Advocates say it makes financial sense to help seniors avoid hunger and give them the nutrition they need, rather than have them end up in nursing homes or hospitals.
Ms Erika Kelly, who heads the advocacy team at Meals on Wheels, an organisation that delivers meals to nearly 2.5 million seniors across the US, said that a year of meals for a senior on its programme costs less than a night's stay at a hospital or a week in a nursing home.
Addressing the issue now "would save us millions of dollars", she said.
And if seniors do not step forward, then it is up to the community to watch out for them.
Prof Ziliak notes that the overall take-up rate for food stamps in the US is 75 per cent, but the rate for seniors is only 35 per cent.
"So finding ways to improve participation is one clear policy direction," he said, adding that doctors could help screen patients to see who might need help.
"Programmes that provide more opportunities for interaction with seniors, between one another and with younger persons, such as in congregate meal settings, might improve matters," he added.
Feeding seniors better by targeting food waste
When Ms Phyllis Palmer, 65, is done with her meal at the Hattie Holmes Senior Wellness Centre, she heads over to the counter to separate the food she hasn't eaten - the hard-boiled egg goes in one pan, the beets in another, and the tuna in yet another.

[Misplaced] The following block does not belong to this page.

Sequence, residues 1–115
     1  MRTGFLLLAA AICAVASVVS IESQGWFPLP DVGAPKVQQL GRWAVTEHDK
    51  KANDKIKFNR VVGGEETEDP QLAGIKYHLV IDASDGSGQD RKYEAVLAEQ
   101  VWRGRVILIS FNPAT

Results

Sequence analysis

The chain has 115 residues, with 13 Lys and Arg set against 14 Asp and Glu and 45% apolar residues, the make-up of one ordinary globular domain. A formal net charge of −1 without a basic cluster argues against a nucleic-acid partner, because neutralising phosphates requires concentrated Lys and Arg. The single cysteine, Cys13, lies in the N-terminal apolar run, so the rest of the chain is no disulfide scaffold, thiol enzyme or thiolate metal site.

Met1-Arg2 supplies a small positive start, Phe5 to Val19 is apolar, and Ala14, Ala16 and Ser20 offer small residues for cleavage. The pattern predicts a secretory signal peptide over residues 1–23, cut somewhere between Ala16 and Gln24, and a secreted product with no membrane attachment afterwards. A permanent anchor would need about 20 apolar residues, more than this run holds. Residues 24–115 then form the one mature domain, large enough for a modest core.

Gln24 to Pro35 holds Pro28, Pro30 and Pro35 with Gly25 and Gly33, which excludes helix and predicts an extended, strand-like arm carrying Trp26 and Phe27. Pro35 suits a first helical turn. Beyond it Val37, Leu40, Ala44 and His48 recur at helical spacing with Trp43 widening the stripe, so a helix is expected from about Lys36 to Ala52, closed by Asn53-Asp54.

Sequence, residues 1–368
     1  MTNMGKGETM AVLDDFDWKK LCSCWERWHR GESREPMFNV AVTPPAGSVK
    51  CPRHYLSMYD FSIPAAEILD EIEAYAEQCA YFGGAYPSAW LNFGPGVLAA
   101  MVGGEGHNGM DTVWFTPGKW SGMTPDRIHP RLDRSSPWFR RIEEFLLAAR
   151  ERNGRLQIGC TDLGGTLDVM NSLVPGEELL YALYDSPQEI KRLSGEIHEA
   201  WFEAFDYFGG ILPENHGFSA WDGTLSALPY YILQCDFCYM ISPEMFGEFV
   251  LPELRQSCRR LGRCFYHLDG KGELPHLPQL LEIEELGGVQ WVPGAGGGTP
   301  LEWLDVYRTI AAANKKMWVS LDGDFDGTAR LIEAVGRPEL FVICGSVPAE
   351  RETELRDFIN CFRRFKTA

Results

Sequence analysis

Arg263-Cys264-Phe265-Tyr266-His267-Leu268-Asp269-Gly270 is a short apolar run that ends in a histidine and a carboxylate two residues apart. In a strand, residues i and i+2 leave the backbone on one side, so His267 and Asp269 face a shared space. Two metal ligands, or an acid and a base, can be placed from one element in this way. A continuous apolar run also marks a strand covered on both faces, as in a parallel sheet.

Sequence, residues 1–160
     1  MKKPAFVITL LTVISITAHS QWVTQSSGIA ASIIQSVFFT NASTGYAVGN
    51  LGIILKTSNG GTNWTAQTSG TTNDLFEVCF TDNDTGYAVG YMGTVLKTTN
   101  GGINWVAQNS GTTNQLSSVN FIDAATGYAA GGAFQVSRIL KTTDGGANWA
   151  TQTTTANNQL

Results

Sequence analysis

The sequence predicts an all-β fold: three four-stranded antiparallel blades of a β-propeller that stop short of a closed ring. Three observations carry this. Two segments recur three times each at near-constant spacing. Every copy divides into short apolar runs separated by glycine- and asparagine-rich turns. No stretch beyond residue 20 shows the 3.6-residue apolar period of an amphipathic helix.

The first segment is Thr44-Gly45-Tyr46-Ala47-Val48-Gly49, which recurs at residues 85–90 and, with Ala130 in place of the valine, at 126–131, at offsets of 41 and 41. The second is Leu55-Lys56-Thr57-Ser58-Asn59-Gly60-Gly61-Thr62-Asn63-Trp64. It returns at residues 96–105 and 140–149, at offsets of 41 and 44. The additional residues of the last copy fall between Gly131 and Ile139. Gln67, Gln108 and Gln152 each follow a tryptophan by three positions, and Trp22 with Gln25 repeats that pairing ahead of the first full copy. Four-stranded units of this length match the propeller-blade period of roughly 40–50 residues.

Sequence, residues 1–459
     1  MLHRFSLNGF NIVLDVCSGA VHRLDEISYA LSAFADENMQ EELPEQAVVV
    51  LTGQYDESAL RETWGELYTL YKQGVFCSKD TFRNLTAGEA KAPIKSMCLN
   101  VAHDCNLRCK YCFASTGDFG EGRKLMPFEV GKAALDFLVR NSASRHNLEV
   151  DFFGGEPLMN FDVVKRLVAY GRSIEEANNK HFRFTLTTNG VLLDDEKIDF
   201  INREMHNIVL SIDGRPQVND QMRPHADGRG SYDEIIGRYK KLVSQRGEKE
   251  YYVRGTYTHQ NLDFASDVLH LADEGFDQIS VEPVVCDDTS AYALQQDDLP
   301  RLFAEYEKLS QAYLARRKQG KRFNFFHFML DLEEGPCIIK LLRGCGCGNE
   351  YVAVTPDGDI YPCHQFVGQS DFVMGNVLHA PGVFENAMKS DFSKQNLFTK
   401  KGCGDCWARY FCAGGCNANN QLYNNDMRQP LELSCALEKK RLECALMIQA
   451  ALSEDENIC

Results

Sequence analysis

The food waste is weighed, recorded, then composted for use in the centre's community garden.
This new programme, started by the National Foundation to End Senior Hunger, is an attempt to identify food items that seniors do not eat, so that menu changes can be made, and food waste reduced.
The foundation, which has been running the programme in three centres since last September, has already made menu changes. For example, said the organisation's executive vice-president Peggy Ingraham, some milk has been replaced by other sources of calcium because many of the seniors are lactose-intolerant.
"If we didn't have this programme, the money spent on milk would have gone down the drain, and their calcium needs would not have been met," said Ms Ingraham.
The programme can help meal providers save "at least 10 per cent of their food budget".
"That means serving food to 10 per cent more folks. That is a lot," she said.
Not only has the programme helped with the bottom line, the seniors too are benefiting from getting involved in the project.
"In the beginning there was some confusion, but the seniors have really taken ownership and we really see the benefits," said Ms Teresa Moore, director of Hattie Holmes.
The seniors now use the compost in the garden, and a gardening club of around 15 seniors has sprung up.
Mr Roselle Watts, 70, was eager to show The Straits Times the various plants he and his friends had grown including tomatoes, cucumbers and mint. He is at the centre five days a week and waters the plants every two days. "We had some radish for lunch and mint tea," he said proudly.
The foundation says it hopes to expand the project to other centres by the end of the year and get more seniors involved.
"It is not a silver bullet but it is a start," said Ms Ingraham.
This article was first published on July 18, 2015.